Obtaining Authentic Secondary Credentials from Saudi Arabia
By Nick Clark, Editor World Education News & Reviews and Ari Mihael, WES Assistant Director and Area Specialist
Universities around the world have seen huge increases in the numbers of Saudi students enrolling on their campuses over the last half a decade, and nowhere has this been more evident than in the United States. Enrollments at the tertiary level have jumped from a base of 3,448 in 2005/06 to 22,704 in 2010/11, and 38,000 Saudi students were studying in the U.S. across all levels at the end of 2010, according to Francisco Sanchez, U.S. Under Secretary of Commerce for International Trade.
For receiving institutions, this uptick in applicant and enrollment volume has required nimble adjustments in making sure campuses are attractive and welcoming to their new Arab cohorts. This process has included both outreach efforts to the broader campus and community to ease integration, and training of international admission officers to ensure that institutions are admitting academically qualified Saudi students.
World Education Services plays a role in the credential evaluation familiarization process by providing on-campus and webinar-based training sessions for admissions offices and officers responsible for handling Saudi applicant files. In this article, we will expand on the training already provided by offering a brief primer on how best to obtain and evaluate secondary credentials from Saudi Arabia for the purposes of undergraduate admissions.
The more than six-fold increase in Saudi enrollments at U.S. institutions of higher education over the last five years has been spurred in large part by the Saudi government’s recent investments in education, including huge spending on the King Abdullah bin Abdulaziz Scholarship Program. Since its inception in 2005, the program has covered the considerable costs of sending 120,000 students overseas to study at all levels of higher education at top colleges and universities across the developed world. In just its second year last April, the International Exhibition & Conference on Higher Education in Riyadh attracted more than 300 universities from across the world, all or most presumably looking for a slice of this well-funded pie.
Mainly focused on technical and medical fields, 45 percent of recipients have so far earned scholarships for undergraduate study, 21 percent master’s study, 5 percent doctoral studies, and the rest in fellowship programs, English language studies or foundation courses. Currently, 30 percent of scholarship students are in the United States, followed by 15 percent in the United Kingdom, 11 percent in Canada, 8 percent in Australia and 6 percent in Egypt. The remaining 30 percent of scholarship students are dispersed across a range of advanced education systems.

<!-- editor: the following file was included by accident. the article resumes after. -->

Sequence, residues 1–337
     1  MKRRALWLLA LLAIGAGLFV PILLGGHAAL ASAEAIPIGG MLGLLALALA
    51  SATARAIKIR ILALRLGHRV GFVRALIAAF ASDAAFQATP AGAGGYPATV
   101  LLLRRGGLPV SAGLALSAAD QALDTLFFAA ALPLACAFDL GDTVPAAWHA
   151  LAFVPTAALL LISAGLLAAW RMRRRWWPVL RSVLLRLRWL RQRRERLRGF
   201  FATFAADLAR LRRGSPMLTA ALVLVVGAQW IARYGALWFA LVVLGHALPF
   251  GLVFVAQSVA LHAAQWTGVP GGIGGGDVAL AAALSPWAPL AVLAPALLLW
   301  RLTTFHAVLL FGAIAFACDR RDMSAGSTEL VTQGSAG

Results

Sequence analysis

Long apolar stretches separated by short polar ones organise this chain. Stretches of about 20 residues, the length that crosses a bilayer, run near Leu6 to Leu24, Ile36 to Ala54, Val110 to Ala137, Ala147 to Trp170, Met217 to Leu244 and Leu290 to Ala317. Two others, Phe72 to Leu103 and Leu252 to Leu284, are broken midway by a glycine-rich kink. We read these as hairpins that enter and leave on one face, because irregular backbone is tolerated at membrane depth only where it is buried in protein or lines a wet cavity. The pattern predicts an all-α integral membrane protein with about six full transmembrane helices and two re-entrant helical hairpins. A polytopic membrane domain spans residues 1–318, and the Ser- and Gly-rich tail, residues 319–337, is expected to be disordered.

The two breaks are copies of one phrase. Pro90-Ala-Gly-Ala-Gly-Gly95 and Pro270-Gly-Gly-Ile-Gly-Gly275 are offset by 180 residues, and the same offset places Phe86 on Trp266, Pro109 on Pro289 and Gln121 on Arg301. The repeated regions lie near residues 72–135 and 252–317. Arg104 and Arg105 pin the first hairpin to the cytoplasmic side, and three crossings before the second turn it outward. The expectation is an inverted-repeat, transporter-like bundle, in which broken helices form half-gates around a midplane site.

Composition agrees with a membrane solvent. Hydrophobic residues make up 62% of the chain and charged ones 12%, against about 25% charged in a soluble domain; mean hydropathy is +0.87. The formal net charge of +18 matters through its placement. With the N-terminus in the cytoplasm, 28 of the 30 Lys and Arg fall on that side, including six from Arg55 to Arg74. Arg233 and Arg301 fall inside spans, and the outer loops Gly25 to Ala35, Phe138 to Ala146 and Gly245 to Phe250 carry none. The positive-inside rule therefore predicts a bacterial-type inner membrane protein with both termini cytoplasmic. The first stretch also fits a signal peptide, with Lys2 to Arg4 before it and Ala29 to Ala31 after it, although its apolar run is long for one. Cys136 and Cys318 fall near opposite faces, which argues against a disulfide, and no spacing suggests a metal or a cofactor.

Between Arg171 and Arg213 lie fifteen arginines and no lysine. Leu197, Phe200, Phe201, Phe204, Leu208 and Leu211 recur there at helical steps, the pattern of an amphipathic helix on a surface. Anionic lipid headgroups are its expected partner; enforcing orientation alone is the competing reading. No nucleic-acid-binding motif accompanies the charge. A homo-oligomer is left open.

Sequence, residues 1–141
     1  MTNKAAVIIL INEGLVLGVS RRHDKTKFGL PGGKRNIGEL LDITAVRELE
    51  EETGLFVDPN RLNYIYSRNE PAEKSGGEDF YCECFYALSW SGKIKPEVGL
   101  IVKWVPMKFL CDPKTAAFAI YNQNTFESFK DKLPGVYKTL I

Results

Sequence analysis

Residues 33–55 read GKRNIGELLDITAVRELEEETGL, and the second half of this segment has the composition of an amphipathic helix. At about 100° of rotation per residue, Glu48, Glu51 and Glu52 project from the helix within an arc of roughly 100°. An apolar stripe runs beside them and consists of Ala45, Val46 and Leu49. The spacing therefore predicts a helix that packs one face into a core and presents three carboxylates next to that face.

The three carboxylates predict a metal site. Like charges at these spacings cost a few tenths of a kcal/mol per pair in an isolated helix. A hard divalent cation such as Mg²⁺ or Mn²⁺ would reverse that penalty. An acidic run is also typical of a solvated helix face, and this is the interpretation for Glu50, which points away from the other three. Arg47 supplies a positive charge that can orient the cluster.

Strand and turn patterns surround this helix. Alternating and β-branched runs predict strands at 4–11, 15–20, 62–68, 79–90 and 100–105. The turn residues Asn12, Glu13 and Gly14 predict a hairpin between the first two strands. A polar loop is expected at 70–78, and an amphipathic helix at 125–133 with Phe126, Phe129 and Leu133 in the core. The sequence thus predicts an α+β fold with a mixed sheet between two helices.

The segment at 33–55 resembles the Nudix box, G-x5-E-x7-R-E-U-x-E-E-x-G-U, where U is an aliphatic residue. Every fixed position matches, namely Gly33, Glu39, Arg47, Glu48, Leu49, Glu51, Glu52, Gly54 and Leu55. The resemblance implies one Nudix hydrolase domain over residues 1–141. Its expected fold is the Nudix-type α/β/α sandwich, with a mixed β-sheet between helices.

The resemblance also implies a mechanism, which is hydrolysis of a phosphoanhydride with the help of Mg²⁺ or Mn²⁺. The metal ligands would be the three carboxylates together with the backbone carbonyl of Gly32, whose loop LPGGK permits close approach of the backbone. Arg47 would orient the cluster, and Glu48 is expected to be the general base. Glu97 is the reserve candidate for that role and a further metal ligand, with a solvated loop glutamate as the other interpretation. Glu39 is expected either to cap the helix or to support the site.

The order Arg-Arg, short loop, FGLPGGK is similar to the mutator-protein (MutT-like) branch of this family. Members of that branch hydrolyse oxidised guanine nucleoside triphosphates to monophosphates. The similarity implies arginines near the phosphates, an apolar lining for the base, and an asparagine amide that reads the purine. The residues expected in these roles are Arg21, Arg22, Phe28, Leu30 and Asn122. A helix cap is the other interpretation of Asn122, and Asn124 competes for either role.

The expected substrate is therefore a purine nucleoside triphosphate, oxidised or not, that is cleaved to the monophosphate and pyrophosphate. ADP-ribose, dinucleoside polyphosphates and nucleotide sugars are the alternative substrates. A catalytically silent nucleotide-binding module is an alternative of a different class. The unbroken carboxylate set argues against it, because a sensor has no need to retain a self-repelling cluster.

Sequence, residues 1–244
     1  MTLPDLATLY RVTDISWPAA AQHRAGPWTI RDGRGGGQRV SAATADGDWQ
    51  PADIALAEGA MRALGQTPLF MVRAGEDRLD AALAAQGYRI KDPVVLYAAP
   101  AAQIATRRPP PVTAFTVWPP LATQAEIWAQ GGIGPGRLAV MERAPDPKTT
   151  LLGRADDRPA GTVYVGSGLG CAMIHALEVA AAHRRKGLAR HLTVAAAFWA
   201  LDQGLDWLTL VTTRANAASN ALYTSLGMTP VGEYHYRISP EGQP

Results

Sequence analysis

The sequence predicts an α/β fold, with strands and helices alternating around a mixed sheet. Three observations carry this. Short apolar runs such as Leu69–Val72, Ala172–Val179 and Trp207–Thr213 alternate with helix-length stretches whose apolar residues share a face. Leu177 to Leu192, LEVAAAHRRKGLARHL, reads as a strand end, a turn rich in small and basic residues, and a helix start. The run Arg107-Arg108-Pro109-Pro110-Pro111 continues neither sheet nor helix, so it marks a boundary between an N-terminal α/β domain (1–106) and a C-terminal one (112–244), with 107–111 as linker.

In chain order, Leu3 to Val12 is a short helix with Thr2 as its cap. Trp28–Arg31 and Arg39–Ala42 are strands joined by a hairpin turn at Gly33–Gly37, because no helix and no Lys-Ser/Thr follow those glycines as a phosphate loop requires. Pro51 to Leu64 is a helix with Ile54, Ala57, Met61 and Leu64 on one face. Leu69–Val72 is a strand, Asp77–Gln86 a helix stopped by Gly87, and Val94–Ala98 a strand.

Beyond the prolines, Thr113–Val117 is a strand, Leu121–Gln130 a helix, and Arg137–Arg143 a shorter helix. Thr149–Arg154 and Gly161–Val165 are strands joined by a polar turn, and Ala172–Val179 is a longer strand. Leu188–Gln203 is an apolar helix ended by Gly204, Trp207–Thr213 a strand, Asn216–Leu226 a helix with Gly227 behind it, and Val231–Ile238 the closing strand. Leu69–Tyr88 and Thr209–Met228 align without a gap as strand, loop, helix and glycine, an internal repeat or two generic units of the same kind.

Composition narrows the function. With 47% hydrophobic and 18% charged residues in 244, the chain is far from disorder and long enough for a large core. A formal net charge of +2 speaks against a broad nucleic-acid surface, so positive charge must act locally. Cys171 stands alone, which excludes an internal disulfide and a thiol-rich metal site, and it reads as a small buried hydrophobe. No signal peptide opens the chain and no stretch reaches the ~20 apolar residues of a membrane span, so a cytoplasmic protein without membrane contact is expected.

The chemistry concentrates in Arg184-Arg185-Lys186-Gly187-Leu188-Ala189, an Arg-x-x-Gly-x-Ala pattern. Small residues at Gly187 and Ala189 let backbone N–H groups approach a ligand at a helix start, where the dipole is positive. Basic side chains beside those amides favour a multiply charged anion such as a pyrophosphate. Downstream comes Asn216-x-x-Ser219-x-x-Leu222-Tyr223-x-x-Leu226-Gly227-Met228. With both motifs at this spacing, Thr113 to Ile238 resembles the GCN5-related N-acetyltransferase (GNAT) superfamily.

With the inclusion of some extravagantly funded projects at home – including the King Abdullah University of Science and Technology, an international research university endowed with an initial investment of US$10 billion – total investment in higher education accounted for 12 percent of the 2011 national budget, with a further 14 percent allocated to non-tertiary education. The 2011 education budget marks a 9 percent increase from the $36.69 billion allotted in 2010 and, since 2000, public spending on education has more than tripled.
According to 2011 figures from the Ministry of Economic Planning, in 2010 the Kingdom hosted 24 public universities, 45 technical colleges (36 male-only, 9 female) and 98 vocational training centers in the tertiary sector. At the primary and secondary level, there were 4,885 secondary schools, 7,826 intermediate schools and 13,626 primary schools.
Across the whole education system there were a total of 5.15 million students, with 2.51 million enrolled in primary schools, 2.4 million in intermediate and secondary schools combined (roughly split half and half at 1.2 million each), and 903,379 in higher education, with a further 78,076 enrolled at higher technical training institutions and 16,300 at vocational training centers.
As a demonstration of the resources that the Saudi government has invested in secondary and university education over the last decade, official figures show that new enrollment at the bachelor’s level has risen from 82,075 students in 1999/00 (31,524 male, 50,551 female) to 227,725 in 2009/10 (114,222 male, 113,503 female), while overall secondary enrollment has grown from 755,977 to 1,206,348 over the same time period. At the master’s level, new entrants rose from 1,640 in 1999/00 to 8,855 in 2009/10, with an increase of 4,997 new master’s students between 2008/09 and 2009/10 alone. Total enrollment at the master’s level grew 78 percent year on year, up from 11,007 in 2008/09 to 19,952 in 2009/10.